Morris Farm Salterns

Wickford, Rayleigh, Hockley, & South Woodham

Property Description

The marshes of Essex have been valued for their salt content through the Prehistoric and Roman eras right up until present day where Maldon sea salt is still a nationwide export. Whilst it is now favoured as a seasoning, its historical value lay in its ability to preserve food prior to the use of ice and fridges. In Ancient history sea salt was gathered through the use of furnaces; leaving red hills behind as archeological remains. However, salt production in the Medieval and post-Medieval period used a series of ditches and pits to evaporate brine water and solidify the salt within. The saltings on the north and west banks of the River Crouch saw use as a grazing area and manufacturing area during the Middle Ages. Medieval saltern sites exist at Tollesbury Wick, and a scheduled example at Marsh Farm displaying ovular heaps of refuse from the process. Whilst the South Woodham site at Stow Marsh remains unlisted, it displays a very impressive set of earthworks to this day. The mounds and ditches that survive were used to collect and evaporate the saltwater. Expecting to be greeting by a few faint markings at best, we were pleasantly surprised to find a whole set of mounds and ditches still extant. The area is now farmland which was ploughed since its use in the salt industry, but was once out on the marshes before it was reclaimed. The old seawall still remains from the post-Medieval era.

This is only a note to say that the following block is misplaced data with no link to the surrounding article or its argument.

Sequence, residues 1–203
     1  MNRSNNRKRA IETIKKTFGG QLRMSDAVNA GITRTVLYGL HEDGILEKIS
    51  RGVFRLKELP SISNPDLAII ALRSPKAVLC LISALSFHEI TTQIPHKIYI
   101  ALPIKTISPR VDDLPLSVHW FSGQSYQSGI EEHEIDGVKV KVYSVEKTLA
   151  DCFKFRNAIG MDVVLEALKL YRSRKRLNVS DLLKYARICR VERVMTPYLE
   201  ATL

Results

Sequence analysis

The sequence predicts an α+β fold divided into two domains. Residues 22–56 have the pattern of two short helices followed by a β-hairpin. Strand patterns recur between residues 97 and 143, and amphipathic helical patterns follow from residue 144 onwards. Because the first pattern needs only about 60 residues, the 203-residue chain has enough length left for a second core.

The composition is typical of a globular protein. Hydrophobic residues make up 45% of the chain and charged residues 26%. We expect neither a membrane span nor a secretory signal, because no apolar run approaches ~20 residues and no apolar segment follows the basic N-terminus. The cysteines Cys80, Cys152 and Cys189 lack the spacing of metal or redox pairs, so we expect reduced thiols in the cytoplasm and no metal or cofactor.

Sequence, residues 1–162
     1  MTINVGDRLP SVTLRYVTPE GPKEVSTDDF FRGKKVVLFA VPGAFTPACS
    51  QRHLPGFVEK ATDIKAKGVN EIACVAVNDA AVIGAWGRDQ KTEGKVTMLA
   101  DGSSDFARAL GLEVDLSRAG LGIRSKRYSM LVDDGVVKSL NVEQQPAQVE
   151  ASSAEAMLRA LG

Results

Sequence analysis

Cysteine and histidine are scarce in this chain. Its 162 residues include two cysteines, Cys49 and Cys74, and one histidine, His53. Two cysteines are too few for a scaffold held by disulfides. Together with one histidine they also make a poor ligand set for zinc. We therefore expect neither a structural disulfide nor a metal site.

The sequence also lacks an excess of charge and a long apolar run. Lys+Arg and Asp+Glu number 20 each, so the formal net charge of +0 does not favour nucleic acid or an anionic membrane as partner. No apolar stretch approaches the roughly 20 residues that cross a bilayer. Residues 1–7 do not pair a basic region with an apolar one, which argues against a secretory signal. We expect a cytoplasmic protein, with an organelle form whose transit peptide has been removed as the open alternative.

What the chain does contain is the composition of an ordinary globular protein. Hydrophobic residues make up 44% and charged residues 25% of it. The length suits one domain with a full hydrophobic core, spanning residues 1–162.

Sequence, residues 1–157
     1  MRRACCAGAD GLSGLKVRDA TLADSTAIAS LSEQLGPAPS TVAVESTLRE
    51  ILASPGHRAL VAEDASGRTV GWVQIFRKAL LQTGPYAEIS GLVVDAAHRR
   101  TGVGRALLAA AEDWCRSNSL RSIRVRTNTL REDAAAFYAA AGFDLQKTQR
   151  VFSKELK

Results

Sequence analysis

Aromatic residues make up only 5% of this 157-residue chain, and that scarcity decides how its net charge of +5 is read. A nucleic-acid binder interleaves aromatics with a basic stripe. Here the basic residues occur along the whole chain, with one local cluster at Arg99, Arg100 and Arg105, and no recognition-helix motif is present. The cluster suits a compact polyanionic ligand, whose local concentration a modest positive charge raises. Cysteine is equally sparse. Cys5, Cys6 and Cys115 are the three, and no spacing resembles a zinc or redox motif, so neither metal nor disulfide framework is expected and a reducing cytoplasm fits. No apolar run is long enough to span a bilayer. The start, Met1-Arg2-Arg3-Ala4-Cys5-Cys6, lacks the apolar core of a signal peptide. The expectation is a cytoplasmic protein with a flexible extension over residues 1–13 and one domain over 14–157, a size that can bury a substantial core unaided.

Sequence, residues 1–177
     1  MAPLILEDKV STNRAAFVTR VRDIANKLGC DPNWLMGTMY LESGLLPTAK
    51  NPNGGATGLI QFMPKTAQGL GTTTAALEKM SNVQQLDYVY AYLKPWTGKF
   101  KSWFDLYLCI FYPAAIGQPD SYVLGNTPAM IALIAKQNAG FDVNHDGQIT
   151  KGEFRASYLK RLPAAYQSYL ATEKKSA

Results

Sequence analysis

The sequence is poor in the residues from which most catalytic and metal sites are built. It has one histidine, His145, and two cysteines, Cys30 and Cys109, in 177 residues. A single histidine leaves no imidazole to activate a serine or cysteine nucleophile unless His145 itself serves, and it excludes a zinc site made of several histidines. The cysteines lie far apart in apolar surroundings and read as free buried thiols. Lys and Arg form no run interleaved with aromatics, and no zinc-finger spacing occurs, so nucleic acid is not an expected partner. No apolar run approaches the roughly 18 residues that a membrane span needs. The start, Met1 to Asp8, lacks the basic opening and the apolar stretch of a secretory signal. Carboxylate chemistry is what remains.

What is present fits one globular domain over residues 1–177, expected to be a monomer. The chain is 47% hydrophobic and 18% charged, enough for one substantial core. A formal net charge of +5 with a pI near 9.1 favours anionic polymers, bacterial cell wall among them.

The Stow Maries site on Morris Farm is thought to be the last remainder from a larger salt-working complex which operated for around 300 years up until the reclamation and drainage of the land in 1638. The visible earthworks are believed to have been a part of a process known as ‘solar evaporation’, in which a series of shallow ponds filled with saltwater were created; known as pans, and left to concentrate into brine in the sun. This brine was then processed at ‘salt-cotes’; remaining today as the three visible mounded areas. Waste products known as ‘bitters’ were removed from the brine and piled up at the edge of the salt-cote platforms, forming the mounds.

Sources:

http://www.tlhs.org.uk/pdf/archaeology%20in%20essex%20page%20vol%2035%202004.pdf

http://content.historicengland.org.uk/images-books/publications/essex-historic-grazing-marshes-project/Final_Grazing_Marshes.pdf/

https://www.maldon.gov.uk/publications/LDP/pre-submission/2%20Design%20and%20Climate%20Change/EB026%20The%20Maldon%20Coast%20(Inter-Tidal%20Archaeological%20Survey).pdf

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